“When it comes to food waste and protecting profit margins, we are actually going back to old-fashioned ‘waste not, want not’ systems.”Audrey Crone, Executive Chef, UFS Ireland
Tapping into technology
Although much of what UFS teaches is old-school kitchen sense, modern technology is what is allowing these learnings to be shared globally and at speed. The useful culinary tips and tricks, recipes and ideas, including the programme specially created for the hospitality sector.
“I always tell my chefs you can only control what you can measure and the Wise Up on Waste programme can really help with that. Simple things like learning how to do an audit, for example, can really make a difference,” says Audrey. “Once chefs have up-to-date information, they can create tangible solutions. They can rework the menu, rethink how they use ingredients.”
Taking a step further, the UFS Academy, a free online culinary portal, offers chefs who may not have formal training the opportunity to get accreditation on a wide range of free courses, including a waste management module.*
Available via the UFS Academy app as well as on the UFS Academy website in certain countries, the course has been well received, especially in South Africa. “Using the UFS Academy app video series is a great way to educate operators about food waste. They can learn from concise training sessions, take a simple quiz and receive a ‘Certificate of Completion’ that is emailed to them directly,” says Nicole Harris, Marketing Manager, UFS South Africa.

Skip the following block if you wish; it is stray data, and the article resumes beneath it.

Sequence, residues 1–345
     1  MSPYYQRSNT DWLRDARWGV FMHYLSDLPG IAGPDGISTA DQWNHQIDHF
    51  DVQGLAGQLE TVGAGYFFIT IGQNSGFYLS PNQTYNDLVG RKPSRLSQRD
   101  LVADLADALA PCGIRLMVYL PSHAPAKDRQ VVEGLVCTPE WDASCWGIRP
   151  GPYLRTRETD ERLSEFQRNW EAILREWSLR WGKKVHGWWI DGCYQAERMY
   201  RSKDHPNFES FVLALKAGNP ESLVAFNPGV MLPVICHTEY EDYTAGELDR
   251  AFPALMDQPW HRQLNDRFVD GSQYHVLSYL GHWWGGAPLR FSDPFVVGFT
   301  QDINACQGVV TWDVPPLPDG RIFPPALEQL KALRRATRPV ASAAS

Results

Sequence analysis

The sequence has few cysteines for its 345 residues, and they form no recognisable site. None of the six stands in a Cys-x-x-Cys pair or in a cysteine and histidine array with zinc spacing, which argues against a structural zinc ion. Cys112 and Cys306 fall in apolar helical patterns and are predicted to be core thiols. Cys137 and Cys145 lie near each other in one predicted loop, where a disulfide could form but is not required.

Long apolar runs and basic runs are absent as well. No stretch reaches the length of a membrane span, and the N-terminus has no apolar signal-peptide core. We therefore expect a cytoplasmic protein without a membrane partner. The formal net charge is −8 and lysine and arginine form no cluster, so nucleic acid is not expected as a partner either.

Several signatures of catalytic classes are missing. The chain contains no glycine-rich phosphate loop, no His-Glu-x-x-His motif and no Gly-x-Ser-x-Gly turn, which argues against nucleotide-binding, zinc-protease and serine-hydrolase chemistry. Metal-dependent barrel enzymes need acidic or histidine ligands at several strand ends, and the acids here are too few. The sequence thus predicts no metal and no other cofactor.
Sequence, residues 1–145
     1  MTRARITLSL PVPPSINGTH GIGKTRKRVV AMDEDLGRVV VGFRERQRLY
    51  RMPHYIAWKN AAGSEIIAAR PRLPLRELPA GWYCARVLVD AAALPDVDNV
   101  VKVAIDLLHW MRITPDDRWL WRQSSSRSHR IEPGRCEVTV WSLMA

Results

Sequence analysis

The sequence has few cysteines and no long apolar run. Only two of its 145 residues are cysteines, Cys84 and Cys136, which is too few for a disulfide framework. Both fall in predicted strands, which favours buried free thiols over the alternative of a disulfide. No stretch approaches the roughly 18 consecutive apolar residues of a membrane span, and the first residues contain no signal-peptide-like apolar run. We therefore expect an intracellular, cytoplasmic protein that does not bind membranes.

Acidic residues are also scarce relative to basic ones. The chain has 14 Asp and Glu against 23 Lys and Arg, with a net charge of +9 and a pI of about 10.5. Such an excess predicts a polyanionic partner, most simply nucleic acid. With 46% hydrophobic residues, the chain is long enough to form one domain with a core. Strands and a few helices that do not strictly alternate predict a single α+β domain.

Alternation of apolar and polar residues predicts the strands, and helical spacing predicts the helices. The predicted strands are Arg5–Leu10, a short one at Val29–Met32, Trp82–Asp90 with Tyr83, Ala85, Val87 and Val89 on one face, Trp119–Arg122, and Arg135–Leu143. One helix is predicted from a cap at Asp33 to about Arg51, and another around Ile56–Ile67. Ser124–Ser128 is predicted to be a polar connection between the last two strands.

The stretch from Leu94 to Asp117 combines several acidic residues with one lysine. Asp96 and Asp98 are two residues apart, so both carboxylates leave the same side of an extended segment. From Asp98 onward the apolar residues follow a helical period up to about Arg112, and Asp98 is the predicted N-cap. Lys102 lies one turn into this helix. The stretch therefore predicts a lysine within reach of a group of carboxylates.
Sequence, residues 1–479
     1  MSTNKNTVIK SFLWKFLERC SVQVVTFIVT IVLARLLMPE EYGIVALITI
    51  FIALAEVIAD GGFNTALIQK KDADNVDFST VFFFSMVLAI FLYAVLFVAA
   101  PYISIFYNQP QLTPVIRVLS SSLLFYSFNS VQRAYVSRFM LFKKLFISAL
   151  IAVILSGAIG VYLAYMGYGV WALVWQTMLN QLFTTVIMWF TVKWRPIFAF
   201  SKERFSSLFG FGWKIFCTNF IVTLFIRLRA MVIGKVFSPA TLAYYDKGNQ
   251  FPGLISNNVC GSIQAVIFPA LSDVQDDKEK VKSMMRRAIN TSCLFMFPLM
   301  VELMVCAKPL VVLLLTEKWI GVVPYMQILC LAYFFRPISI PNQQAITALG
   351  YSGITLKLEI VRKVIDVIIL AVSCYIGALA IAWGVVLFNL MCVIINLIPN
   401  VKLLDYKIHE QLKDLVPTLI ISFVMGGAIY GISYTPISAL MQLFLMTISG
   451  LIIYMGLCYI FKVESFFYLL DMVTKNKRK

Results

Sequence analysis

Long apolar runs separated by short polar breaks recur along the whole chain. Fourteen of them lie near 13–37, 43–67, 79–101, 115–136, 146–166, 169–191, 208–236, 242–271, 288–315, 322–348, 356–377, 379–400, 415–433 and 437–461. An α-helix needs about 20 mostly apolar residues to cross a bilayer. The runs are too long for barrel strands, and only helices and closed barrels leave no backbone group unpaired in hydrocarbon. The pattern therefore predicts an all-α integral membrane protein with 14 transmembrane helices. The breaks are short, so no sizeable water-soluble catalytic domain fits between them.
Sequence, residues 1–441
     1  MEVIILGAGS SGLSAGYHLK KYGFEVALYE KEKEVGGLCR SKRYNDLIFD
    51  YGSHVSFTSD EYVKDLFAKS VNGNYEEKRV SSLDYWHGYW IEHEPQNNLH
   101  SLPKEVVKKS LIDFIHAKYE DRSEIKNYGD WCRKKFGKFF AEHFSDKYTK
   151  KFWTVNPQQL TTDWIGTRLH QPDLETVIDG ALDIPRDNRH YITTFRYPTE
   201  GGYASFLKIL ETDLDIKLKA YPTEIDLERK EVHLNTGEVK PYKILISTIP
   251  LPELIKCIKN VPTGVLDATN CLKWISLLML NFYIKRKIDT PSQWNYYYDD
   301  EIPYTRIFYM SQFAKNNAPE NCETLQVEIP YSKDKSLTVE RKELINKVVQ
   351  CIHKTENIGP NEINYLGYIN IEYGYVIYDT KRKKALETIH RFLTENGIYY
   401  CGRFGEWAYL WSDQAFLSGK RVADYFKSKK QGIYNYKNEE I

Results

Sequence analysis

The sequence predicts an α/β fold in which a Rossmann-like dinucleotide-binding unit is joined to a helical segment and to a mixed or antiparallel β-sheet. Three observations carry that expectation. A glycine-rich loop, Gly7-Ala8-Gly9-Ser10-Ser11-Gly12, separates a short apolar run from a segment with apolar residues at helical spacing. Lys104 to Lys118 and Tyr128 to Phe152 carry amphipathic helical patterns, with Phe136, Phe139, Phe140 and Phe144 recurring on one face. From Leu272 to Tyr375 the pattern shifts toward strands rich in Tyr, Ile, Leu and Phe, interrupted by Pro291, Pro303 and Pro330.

Partnering with Purpose
But Alex stresses that for food waste training to be truly effective it must be a team effort. “If you want to reduce waste, it doesn’t start and stop in the kitchen. It is everyone’s responsibility,” he says.
“Simple feedback from the front-of-house team about food that’s consistently coming back because there is too much on the plate can, for example, lead to a change that can make a real difference to waste levels. Ultimately, it is this top-to-bottom commitment and communication that will really make a difference in the fight against food waste.”
*The course is open to all without registration until 9 October 2022.
Click below for examples of UFS in action
What does it take for a billion-euro brand to achieve double-digit growth multiple years in a row? Hellmann’s recipe for success includes a meaningful purpose, pop culture appeal, relevant innovation and, above all, a great-tasting superior product.
A new study by Hellmann’s has found that enabling people to be more resourceful with the contents of their fridge can significantly reduce the amount of perfectly good food that would otherwise be thrown away.
We’re using the power of innovation, technology and brands such as Hellmann’s to reduce waste from farm to fork. But behind every great initiative are purposeful people who use their skills, ideas and passion to drive this change. Here are the stories of six of them.